Harvard President Claudine Gay Resigns Amid Plagiarism Scandal, Backlash Over Response to Antisemitism on Campus

Gay’s tenure marks the shortest presidency in the university’s history

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Harvard president Claudine Gay will resign Tuesday afternoon, closing out the shortest presidency in the college’s history.

Gay confirmed the news in a letter to the Harvard community. She served as president of the university for six months and two days.

“I will be stepping down as president. This is not a decision I came to easily,” Gay wrote in the statement. “Indeed, it has been difficult beyond words because I have looked forward to working with so many of you to advance the commitment to academic excellence that has propelled this great university across centuries. But, after consultation with members of the Corporation, it has become clear that it is in the best interests of Harvard for me to resignt so that our community can nagivate this moment of extraordinary challenge with a focus on the institution rather than any individual.”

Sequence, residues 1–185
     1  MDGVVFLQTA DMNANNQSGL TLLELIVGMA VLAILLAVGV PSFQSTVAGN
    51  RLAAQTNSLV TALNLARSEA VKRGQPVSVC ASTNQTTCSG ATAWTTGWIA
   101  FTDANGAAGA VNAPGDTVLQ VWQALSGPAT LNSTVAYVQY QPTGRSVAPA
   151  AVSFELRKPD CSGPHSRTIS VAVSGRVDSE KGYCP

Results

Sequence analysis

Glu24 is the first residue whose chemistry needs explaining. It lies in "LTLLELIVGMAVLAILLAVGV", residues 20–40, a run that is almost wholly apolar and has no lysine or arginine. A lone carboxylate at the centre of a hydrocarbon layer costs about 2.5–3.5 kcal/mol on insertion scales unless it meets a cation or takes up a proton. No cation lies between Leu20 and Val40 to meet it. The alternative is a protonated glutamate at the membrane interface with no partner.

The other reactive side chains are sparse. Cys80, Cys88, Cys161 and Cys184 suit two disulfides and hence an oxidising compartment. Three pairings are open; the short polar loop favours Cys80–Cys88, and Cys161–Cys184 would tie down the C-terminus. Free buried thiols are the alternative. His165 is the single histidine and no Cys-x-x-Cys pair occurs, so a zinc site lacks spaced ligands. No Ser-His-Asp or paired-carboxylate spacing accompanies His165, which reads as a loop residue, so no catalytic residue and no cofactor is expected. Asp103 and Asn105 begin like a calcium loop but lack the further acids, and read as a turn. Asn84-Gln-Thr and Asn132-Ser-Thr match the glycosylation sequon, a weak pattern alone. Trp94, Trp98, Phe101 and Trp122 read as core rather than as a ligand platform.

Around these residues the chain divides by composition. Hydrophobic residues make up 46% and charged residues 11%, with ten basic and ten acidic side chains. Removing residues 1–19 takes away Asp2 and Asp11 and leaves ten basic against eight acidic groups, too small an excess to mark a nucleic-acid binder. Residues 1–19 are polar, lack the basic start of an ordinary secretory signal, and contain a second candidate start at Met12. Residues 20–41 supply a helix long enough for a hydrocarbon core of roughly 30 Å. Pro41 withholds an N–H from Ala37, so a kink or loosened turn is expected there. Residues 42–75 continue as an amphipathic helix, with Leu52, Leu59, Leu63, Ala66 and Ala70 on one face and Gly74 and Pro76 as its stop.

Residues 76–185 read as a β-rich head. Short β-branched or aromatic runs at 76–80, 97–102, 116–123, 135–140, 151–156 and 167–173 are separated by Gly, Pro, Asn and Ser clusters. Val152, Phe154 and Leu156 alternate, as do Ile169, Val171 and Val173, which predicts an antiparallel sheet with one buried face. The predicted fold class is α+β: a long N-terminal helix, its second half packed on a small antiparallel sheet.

The Harvard Crimson broke the news.

Gay faces a new round of plagiarism accusations in her scholarly work stemming from an unsigned complaint published in The Washington Free Beacon on Monday.

The Harvard leader became the second Ivy League executive to lose her job in recent weeks following congressional testimony about antisemitism on college campuses in the wake of the Hamas invasion of Israel on Oct. 7.

“My deep sense of connection to Harvard and its people has made it all the more painful to witness the tensions and divisions that have riven our community in recent months, weakening the bonds of trust and reciprocity that should be our sources of strength and support in times of crisis” Gay wrote in her letter. “Amidst all of this, it has been distressing to have doubt cast on my commitments to confronting hate and to upholding scholarly rigor — two bedrock values that are fundamental to who I am — and frightening to be subjected to personal attacks and threats feueled by racial animus.”

Gay was the university’s first Black president and second woman to helm the institution.


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